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Enlarge Image in Photoshop without Losing its Quality

I know how bad it feels when you have a nice photo but it’s not big enough to print or post. I had so many images that I wanted to enlarge badly but I didn’t know how to. I am glad that I know how to enlarge image in Photoshop and I am going to share this knowledge with you.


STEP 1 – Open Image Size

Open the image in Photoshop. Go to Image > Image Size or you can press Cmd + Opt + I / Ctrl + Alt + I.

1STEP 2 – Write down the size

To increase your image size, just enter the width of the new image size. As our “constrain proportions” is already turned on so Photoshop will automatically adjust our image height to maintain our aspect ratio. The original width is 1800 pixels and I want to enter the new width as 3600 pixels. So I am gonna write 3600 in my width box.


Once I typed 3600 in my width box, Photoshop automatically adjusted my height to 2400 pixels (because “constrain proportions” is turned on). Now turn on the Resample Image. This “resample image” is our key to nondestructive enlargement. By turning on Scale Styles Photoshop will adjust the layer styles that are present in your document for the best output.

STEP 3 – Enlarge Image in Photoshop

You can also see a dropdown menu just below the Resample Image. These are the mathematical algorithms that Photoshop is going to use when you increase the image size (upsampling) or decreasing the image size (downsampling).


Nearest Neighbor gives you the lowest image quality. With this method, Photoshop looks at the colors of surrounding pixels and copies them. Nearest Neighbor is known for creating jagged edges, so you’ll want to use it only on images with hard edges like vector

Bilinear tells Photoshop to guess at the color of new pixels by averaging the colors of the pixels directly surrounding the ones it’s adding. Bilinear produces slightly better results than Nearest Neighbor and is still pretty fast, but you’re better off using one of the next four methods instead.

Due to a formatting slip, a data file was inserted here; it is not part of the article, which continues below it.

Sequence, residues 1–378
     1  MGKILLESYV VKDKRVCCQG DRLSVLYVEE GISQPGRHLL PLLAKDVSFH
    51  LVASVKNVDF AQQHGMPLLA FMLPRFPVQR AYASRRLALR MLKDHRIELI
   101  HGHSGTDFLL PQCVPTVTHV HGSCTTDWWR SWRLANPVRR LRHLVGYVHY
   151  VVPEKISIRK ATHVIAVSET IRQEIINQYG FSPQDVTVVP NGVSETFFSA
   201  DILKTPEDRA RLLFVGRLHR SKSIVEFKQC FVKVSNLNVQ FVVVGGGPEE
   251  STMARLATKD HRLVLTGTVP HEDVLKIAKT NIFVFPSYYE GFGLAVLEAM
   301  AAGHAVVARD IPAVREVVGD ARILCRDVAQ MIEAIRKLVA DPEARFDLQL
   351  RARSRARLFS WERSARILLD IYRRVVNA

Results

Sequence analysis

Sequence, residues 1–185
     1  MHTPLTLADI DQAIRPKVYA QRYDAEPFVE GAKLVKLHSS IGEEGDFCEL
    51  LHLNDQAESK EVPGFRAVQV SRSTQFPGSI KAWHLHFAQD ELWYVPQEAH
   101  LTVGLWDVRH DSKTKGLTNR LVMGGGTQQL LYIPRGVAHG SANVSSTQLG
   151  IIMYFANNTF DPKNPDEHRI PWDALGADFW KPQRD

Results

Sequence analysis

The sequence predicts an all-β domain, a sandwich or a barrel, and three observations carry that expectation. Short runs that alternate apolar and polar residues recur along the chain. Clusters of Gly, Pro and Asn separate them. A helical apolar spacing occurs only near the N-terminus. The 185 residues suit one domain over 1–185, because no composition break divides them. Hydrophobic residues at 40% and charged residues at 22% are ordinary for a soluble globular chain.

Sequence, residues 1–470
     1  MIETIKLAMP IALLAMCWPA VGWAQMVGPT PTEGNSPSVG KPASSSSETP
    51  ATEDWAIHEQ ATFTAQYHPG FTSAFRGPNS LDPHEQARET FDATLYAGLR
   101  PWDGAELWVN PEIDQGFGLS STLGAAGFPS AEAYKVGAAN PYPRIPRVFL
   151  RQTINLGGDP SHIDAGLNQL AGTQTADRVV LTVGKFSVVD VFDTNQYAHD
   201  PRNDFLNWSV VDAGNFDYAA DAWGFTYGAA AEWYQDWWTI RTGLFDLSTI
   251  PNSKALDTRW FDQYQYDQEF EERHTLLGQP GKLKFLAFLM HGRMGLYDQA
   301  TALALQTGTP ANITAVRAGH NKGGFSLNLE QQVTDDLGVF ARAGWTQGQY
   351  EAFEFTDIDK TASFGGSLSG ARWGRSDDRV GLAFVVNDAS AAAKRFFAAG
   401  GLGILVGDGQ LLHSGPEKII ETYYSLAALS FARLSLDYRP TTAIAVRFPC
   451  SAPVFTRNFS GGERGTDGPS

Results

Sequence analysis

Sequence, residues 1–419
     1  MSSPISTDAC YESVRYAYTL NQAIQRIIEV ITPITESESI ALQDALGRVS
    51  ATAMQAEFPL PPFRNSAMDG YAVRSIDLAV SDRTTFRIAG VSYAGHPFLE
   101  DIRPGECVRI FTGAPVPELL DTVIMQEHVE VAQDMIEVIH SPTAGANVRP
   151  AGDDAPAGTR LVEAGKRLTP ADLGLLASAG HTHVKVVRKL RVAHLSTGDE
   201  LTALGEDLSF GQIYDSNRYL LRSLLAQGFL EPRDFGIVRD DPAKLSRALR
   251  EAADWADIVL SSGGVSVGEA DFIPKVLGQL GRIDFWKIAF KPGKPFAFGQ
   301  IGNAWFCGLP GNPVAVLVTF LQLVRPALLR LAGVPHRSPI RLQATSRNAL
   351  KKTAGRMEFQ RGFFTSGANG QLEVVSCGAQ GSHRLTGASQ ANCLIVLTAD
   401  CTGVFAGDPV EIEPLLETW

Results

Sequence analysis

Bicubic makes Photoshop figure out the colors of new pixels by averaging the colors of even more pixels surrounding the new one in order to make a better guess. This method takes longer than the previous two but produces smoother transitions in areas where one color fades into another.

Bicubic Smoother is similar to Bicubic in the way it creates new pixels, but this method blurs pixels slightly to blend the new ones into the old ones, making the image smoother and more natural looking. Adobe recommends this method for enlarging images.

Bicubic Sharper is also similar to Bicubic in the way it creates new pixels, but instead of blurring whole pixels to improve blending between the new and old like Bicubic Smoother, it softens only the pixels’ edges. Adobe recommends this method for downsizing images, though some Photoshop gurus claim that it also produces better enlargements than Bicubic Smoother.

Bicubic Automatic is new in CS6, and it tells Photoshop to pick the best method depending upon the content of your image and whether you’re making the image bigger or smaller. Believe it or not, the Crop tool and Free Transform command use this method, too.


Let’s compare the result between bicubic smoother and bicubic sharper at 400% zoom. I recommend you to click on the below two images to open it in in lightbox for better understanding.



In the first picture (bicubic smoother) you can see that the edges are softened while in the bicubic sharper method you can see that the edges are bit sharper which I really like. That’s why I use bicubic sharper method for both upsampling as well as downsampling.

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